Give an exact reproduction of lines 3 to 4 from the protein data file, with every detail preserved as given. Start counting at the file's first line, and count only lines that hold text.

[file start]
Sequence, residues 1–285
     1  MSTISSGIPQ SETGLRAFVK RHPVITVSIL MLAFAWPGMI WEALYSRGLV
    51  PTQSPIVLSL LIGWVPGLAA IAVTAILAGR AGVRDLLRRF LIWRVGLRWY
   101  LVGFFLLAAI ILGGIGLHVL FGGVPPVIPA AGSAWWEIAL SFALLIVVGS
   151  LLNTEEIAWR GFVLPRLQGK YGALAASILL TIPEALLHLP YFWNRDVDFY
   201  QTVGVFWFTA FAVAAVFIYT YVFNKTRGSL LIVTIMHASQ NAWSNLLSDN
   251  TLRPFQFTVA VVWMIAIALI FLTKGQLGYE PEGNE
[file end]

    51  PTQSPIVLSL LIGWVPGLAA IAVTAILAGR AGVRDLLRRF LIWRVGLRWY
   101  LVGFFLLAAI ILGGIGLHVL FGGVPPVIPA AGSAWWEIAL SFALLIVVGS